Album Review: Mergence, “Live At The Crescent Ballroom Phoenix Arizona”

If you’ve spent any time on the Arizona local music scene, the name Mergence should be very familiar to you. This band has been playing to a steadily increasing fan base at venues all over the Valley. As these guys begin to dip their toes in California territory, playing a few shows here and there across the border, they released a live album from one of their finely crafted sets at the Crescent Ballroom.

Their debut album, Those Vibrant Young People Are Dead, gave us the songs that we all know and love to sing along to, and their release of Harvest Wintertime gave us a taste of what might be on the horizon. While most of us foam at the mouth for their next full-length album, this new, live CD will hold us over with all of our favorite songs and a few extras that might sound familiar if you’ve been to any of their recent shows.

Starting things off with “If You Know, Then You Know,” we have a second to settle into what will certainly be an hour of solid indie, rock and blues. The calm intro mixed with the vocals of Adam Bruce, quickly breaks into an explosion of rock that gives us what we want. It only gets better from there when we approach the end of the song. A mind-warping solo from lead guitarist, Yod, builds into a psychedelic climax of drums, guitar, bass and vocals. Enthusiastic cheers can be heard from the crowd during the quick, second-long pause, just before the Adam vs. the crowd shouting match: “There’s a ghost in your head, that you’ll never see…” It’s clear now that this is a live album, and the energy is there to prove it.

Quickly following a solid opening song, the set moves right into “The Road.” The fantastically bluesy vocals set the tone for the next few minutes, and the band flows effortlessly together, merging into one cohesive motion of music. Small, on-the-fly tweaks of guitar volume add a little flare to the intro, and extra-quick guitar solo fillers give the song an extra little punch — stepping it up a bit from the studio-album version of the song.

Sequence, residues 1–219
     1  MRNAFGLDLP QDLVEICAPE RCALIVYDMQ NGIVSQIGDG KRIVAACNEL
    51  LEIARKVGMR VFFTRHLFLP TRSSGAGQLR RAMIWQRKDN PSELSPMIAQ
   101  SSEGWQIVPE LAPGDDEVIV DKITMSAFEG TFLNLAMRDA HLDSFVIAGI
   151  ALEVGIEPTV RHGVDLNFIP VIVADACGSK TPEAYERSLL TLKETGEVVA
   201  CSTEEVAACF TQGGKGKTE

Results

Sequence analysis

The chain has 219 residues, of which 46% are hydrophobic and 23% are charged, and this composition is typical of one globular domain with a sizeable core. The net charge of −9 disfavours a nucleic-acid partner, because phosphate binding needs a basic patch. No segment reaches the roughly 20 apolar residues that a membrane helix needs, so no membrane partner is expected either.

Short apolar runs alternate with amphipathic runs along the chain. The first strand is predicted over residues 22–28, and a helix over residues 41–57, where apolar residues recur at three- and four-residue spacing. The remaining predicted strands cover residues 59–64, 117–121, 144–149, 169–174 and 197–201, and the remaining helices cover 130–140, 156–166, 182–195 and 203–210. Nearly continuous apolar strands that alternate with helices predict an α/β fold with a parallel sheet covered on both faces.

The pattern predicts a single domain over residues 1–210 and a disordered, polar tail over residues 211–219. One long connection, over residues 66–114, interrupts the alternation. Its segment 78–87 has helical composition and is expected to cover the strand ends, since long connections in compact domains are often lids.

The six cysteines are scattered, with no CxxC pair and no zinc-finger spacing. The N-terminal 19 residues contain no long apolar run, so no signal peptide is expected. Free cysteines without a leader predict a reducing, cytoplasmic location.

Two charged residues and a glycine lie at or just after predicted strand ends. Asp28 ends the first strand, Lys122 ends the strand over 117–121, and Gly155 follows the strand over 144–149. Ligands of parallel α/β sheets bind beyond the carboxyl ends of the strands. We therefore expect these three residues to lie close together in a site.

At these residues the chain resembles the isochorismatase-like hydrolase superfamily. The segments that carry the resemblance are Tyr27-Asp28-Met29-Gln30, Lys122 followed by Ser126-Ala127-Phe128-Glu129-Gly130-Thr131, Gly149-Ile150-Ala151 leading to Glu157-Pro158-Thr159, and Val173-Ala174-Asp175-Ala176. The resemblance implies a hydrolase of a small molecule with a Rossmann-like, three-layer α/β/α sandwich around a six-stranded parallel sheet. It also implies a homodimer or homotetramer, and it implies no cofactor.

The seamless mix from “Girl. Fear. God.” to “Eulogy 29” has always been one of my favorite parts of any Mergence show, and I was glad to hear those two songs side-by-side on this live album. After a healthy dose of rock, a song that rests on the calm side of Mergence, but still has the power to put anyone into a groove, hits the right spot.

Determined not to give anyone too much of a break, Mergence starts the party again with the crowd favorite “Dynamite & Kerosene,” quickly followed by their new releases “Wintertime” and “Harvest.”

Track nine gives us our first treat, a cover of “In The Pines.” A song which so many great artists have covered, often not doing the song justice. Mergence takes this great classic and completely makes it their own. A build of energy that this band has definitely mastered works perfectly. The soft guitar and vocals with a few harmonies are accented by just a few echoing, bent guitar notes to keep us on our toes. Next, a light kick drum and snare, from drummer Jason Roedl, keep time, and the sound is filled in with the bass guitar of Brandon Shupe. Before I knew what hit me, the entire band blows up into a fantastic blues and rock combination, bringing the song to a perfect ending.

Following such a great cover might be hard for any other band, but as you can hear in the recording, “My Prayer” is just what the crowd ordered. Shouting along to the opening guitar riff, the crowd that night was ready, and this song does not disappoint. A supercharged version of the song gets my blood pumping, and I would be shouting along too if I didn’t have neighbors to worry about.

The last two songs on the album treat us with “Me & My Family Vs. The Robots,” which has been welcomed to very positive reviews by all sorts of local magazines and websites, and a cover of “Happiness is a Warm Gun” by The Beatles. This song is right up Mergence’s alley. A healthy mix of rock and some bluesy vocals fit right into their playing style.

Ending on such a great song gives me a similar feeling to leaving a great Mergence show. I’m a little bummed that it’s over, but man, what a show.

Previous Mergence Albums:

  • Those Vibrant Young People Are Dead (2011)

Mergence – “My Prayer”

For more information about Mergence, visit

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